The middle of June contains the most auspicious day of the year. On this day, spinning a prayer wheel one time is like spinning it (or praying) a hundred times. It is very easy for your good karma to increase exponentially if you behave well on this day (but the reverse is also true--if you do bad things on the most auspicious day then you get 100 times worse karma). School and work are on holiday so you have plenty of time to work on your karma.
That day I walked the kora, the path around His Holiness the Dalai Lama's temple. There were more beggars than usual, every one of them helping you increase your good karma by giving you the chance to give to the poor. On a regular day, there are about 10 beggars at various points of the kora. On the holiest day in Tibetan Buddhism, there are 2,000.
I don't know if I can really explain what it means to walk amidst 2,000 beggars. They were all Indian. They lined the path on each side, mothers and fathers and grandparents and children. Lepers with missing fingers and limbs. Men with gory, bleeding sores, prominently displayed to arouse revulsion and sympathy. Children without pants or diapers. Women no older than myself with four children. Nursing mothers. Wizened faces. A small family gathered around a saucepan, dipping spoons into a mush of corn. Monks and holy men. Beautiful, brightly colored saris. Gold jeweled nose rings. rumpled hair. Brown skin. Sad, perplexed, angry, excited eyes. Squatting on dirt, on mats, on rocks. Holding silver plates and bowls. Begging for rupees.
Two thousand. At least two thousand.
I was the only white person in sight. I was swept in a river of Tibetans and outstretched begging hands. The Tibetans gave hundreds of coins to these hands. Some of them had been saving coins in a jar all year for this day.
At first I looked away. How do I face this? Children would smile hugely when they saw me and say, "hello!" I said hello and smiled in return.
Then I stopped avoiding gazes. I looked these men and women and children in the eyes. I greeted some. My eyes locked with one woman. She was close to my age. She is my sister and neighbor. I walked past her and a thousand other women.
When I reached the midpoint I pulled out my rupees. I handed five rupees to a group of four children who looked lost and angry. Three reached for the note. One girl snatched it and quickly hid it away.
I had only one rupee left besides my big bills. I gave it to a little boy who called "money! money!" as a hundred others had. When I gave it, ten others rose and help out their cups, calling to me. I showed my empty hands and felt sick. I resolved to change all my bills to coins and go along the kora again, giving to as many as I could. I went to two places but couldn't find anywhere with change before I had to go to my group meeting. I did not return to the kora. I did not give to any more beggars.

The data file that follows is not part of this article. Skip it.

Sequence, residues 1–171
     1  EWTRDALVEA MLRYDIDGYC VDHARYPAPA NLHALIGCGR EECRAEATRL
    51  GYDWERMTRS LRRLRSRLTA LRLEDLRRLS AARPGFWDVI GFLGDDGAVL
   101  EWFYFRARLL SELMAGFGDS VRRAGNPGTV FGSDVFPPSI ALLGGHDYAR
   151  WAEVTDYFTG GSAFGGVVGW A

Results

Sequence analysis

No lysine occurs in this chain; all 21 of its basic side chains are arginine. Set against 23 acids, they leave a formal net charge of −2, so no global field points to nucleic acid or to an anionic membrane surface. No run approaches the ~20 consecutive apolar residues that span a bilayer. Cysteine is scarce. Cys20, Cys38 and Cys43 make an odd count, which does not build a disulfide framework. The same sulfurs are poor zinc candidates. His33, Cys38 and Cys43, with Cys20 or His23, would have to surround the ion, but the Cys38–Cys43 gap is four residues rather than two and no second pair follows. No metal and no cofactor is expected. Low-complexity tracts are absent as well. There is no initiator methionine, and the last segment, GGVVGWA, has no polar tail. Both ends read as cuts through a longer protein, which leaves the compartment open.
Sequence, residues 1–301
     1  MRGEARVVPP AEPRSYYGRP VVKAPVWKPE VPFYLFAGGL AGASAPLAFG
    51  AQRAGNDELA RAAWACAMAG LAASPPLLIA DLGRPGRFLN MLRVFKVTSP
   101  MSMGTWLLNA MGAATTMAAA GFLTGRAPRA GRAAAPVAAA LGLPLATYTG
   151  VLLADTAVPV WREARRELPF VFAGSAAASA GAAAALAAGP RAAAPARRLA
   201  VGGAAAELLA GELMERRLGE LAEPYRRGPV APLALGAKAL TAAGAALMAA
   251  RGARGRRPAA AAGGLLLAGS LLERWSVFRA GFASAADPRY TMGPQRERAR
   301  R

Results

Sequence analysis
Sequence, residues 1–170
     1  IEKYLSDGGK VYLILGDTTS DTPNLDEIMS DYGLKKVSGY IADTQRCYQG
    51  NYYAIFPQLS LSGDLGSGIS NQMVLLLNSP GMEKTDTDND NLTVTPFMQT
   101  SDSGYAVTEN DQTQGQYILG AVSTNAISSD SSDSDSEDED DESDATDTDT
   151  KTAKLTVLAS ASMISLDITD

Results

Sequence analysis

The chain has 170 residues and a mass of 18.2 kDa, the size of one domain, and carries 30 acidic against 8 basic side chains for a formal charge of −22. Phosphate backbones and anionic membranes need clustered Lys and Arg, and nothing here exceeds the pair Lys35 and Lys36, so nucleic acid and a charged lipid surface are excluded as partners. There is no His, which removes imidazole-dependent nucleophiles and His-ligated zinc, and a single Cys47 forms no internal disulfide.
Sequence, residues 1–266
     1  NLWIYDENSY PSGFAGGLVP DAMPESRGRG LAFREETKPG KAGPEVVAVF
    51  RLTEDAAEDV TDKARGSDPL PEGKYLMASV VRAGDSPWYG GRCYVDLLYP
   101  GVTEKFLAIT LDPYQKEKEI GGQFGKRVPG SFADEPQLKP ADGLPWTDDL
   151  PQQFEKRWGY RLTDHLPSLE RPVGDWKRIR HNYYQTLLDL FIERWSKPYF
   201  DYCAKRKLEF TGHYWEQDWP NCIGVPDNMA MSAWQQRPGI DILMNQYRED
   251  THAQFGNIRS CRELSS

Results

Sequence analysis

I wish I had given the money that I used to buy choco balls. I wish I had given more. I wish I had given the widow's mite and been the good Samaritan. I wish I had done what Christ would have done.
What do you do after you see 2,000 Indian beggars in thirty minutes? You go to your group meeting. You stay after, talking to Rachel, Elizabeth, Julia, and Matt in Jimmy's Italian restaurant. You meditate for an hour. You eat chowmein. You do some travel writing homework. Life goes on.
But maybe I left part of me on the kora that day, part of me that I lost when I saw that girl and knew that she and I are sisters. Now I can't remember her face or the color of her sari, but I can't forget her either.
Maybe one day I will have to answer for my actions on the kora that day. I have walked by many beggars and given only occasionally. The good Samaritan did not ignore his neighbor in need, though you could argue that the unconscious man needed a lot more help than the beggars in McLeod. Still, I think of King Benjamin's sermon in Mosiah--are we not all beggars? We're not supposed to suffer the beggar to put up his petition in vain. I've always thought that was quite a straightforward rule, and when I see a homeless person in downtown Salt Lake I don't have any problem emptying my change pouch into his hands. This is possible because I don't spend much time walking around downtown Salt Lake.
Here in McLeod things are different. I walk everywhere I go, and walking the full length of the town takes no more than 30 minutes. In those thirty minutes you will see at least five beggars sitting or leaning on crutches at the edge of the road in high traffic areas. They are strategically placed in the least avoidable locations, sometimes around a corner so you nearly trip over them. Many of the beggars are lepers and hold out their fingerless hands for money. They usually extend their hands, kiss them, and then extend them again. This motion draws immediate attention to their disabilities. Usually they have silver jars beside them because they can't hold the money.
Much more persistent are the young mothers in dirty saris who approach you directly, carrying half naked babies, to beg for food. I once tried to give one of these women money but she refused, insisting I buy milk for her. Well, a box of milk costs 280 rupees (which is far more than I was going to give to her) and I have since heard that the women sell the milk right back to the store and keep all those rupees. Since she refused, I gave the rupees to a crippled man a few feet away, and he was grateful to receive them.
In the end, though, these are my neighbors as much as anyone else. Here is my game plan: I am going to start buying things that cost 12 rupees rather than 10 or 15 so that I will have rupee coins. Then I will be able to give coins to beggars. When it comes down to it, giving out two rupees per day for a 90 day field study would be less than five dollars. Really, I can afford that.